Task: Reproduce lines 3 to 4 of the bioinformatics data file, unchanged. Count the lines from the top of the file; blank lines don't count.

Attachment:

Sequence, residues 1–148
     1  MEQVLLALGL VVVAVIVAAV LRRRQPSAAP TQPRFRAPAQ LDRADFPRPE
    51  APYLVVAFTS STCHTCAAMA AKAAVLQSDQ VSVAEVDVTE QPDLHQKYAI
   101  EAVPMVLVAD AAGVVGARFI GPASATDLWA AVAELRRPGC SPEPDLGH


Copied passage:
    51  APYLVVAFTS STCHTCAAMA AKAAVLQSDQ VSVAEVDVTE QPDLHQKYAI
   101  EAVPMVLVAD AAGVVGARFI GPASATDLWA AVAELRRPGC SPEPDLGH